Italian 3D printer manufacturer ROBOZE has partnered with the University of Colorado Boulder to develop an ultra-durable CubeSat, that will soon be fired into orbit, and used to monitor the progress of cosmic space storms.
Working with the university’s engineers, ROBOZE has helped to optimize the mini satellite’s design, and 3D print highly-robust parts for its magnetic field sensors. Once ready, the CubeSat is set to be fired into orbit in 2022, where it will spend at least six months capturing data about the electromagnetic waves caused by lightning strikes on the Earth’s surface.
“Because we are so constrained by mass, 3D printing was the ideal solution for our CubeSat,” explained Vicki Knoer, one of the project’s researchers. “ROBOZE has allowed us to meet the requirements of the project, by guiding us in choosing the most suitable material, and in the optimization of parts to minimize mass.”
ROBOZE’s high-performance portfolio
While ROBOZE is known as a manufacturer of high-temperature FFF 3D printers, it also specializes in the development of ultra-rigid thermoplastics like carbon PA and carbon PEEK. Sometimes referred to as ‘superpolymers,’ these materials exhibit such high levels of strength, that they’re reportedly able to match those of pure alloys.
Recognizing the durability of ROBOZE’s technologies, clients are increasingly deploying them within more demanding end-use applications. In March 2020, for instance, the University of Delaware adopted ROBOZE’s ARGO 500 3D printer as a means of producing mission-critical components for the Combat Capabilities Development Center.
Similarly, Italian defence contractor Leonardo has previously utilized the firm’s ARGO system to 3D print carbon fiber-filled PEEK aerospace parts, with enhanced thermal and chemical stability. For its part, ROBOZE has also been active in testing its portfolio within ever-more difficult applications, and even launched a dedicated service for printing performance parts last year.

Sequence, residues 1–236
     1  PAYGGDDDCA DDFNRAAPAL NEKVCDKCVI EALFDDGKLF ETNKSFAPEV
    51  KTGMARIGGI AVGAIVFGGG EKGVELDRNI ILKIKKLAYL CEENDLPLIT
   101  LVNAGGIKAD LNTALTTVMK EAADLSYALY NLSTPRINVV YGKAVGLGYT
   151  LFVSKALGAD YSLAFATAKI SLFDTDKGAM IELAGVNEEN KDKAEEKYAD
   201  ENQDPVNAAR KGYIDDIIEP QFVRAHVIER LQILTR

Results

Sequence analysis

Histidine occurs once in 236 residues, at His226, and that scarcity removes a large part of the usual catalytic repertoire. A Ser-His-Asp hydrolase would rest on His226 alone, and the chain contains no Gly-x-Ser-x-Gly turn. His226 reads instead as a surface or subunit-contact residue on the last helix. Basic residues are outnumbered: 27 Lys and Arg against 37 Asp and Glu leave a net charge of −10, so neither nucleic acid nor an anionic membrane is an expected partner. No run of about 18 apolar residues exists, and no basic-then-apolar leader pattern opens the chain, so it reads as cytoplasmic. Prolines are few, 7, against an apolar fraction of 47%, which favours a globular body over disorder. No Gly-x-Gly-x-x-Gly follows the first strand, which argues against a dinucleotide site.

However, by working with engineers at Colorado’s department of Aerospace Engineering Sciences, ROBOZE has now taken this approach to a whole new level, by using its technologies to 3D print parts that are capable of withstanding a literal interstellar magnetic storm.
Building a storm-proof CubeSat
Due to the size and weight constraints of their Lightning, Atmosphere, Ionosphere and Radiation belt (LAIR) research, the Colorado team turned to ROBOZE for help in 2019. Since then, the company has helped the engineers to develop lighter components, that deliver optimal performance in exchange for minimal mass.
As part of the project, ROBOZE has also 3D printed end-use magnetic field sensor holders for the Colorado team’s satellite. While the parts aren’t mission-critical, they need to possess a high degree of temperature-resistance and strong mechanical integrity, hence the firm has deployed its own robust PEEK materials for the task.
Once the CubeSat is complete, it will undergo a set of pre-flight validation tests, before being launched into space during the first half of next year. According to ROBOZE CEO Alessio Lorusso, the project has effectively demonstrated the potential of 3D printing, when deployed within demanding aerospace applications.
“3D printing is rapidly replacing metal in a wide variety of extreme end-use applications including aerospace, mobility and energy,” said Lorusso. “It was an honor and a real privilege to collaborate with the LAIR group on this project. They are one of the pioneers in the use of additive technology in this field, and giving our support to the realization of their mission makes me extremely proud.”
Advances in polymeric CubeSats
Using 3D printing, it’s not just possible to produce robust satellite parts but entire polymeric casings, and a number of firms have done so in recent years.
Working with aerospace firms Alba Orbital and Mini-Cubes, CRP Technology has used its proprietary Windform XT 2.0 material to build various pocket satellites and deployers. For instance, just last year, the company developed 3D printed PocketQubes that proved capable of passing stringent NASA safety tests.
Similarly, Franco-Italian aerospace manufacturer Thales Alenia Space has introduced 3D printing into its series production of orbital satellites. Since the initiative began, the company has integrated several additive manufactured parts into commercial satellites for its long-term client Eutelsat Communications.
Elsewhere, the conductivity benefits of PEEK have also caught the attention of the European Space Agency (ESA), which has experimented heavily with its orbital applications. As part of a project with Zortrax last October, the agency developed a set of blended PEEK prototype parts that proved capable of wirelessly conducting data and electricity.
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Featured image shows ROBOZE’s 3D printed magnetic field sensor holders. Photo via ROBOZE.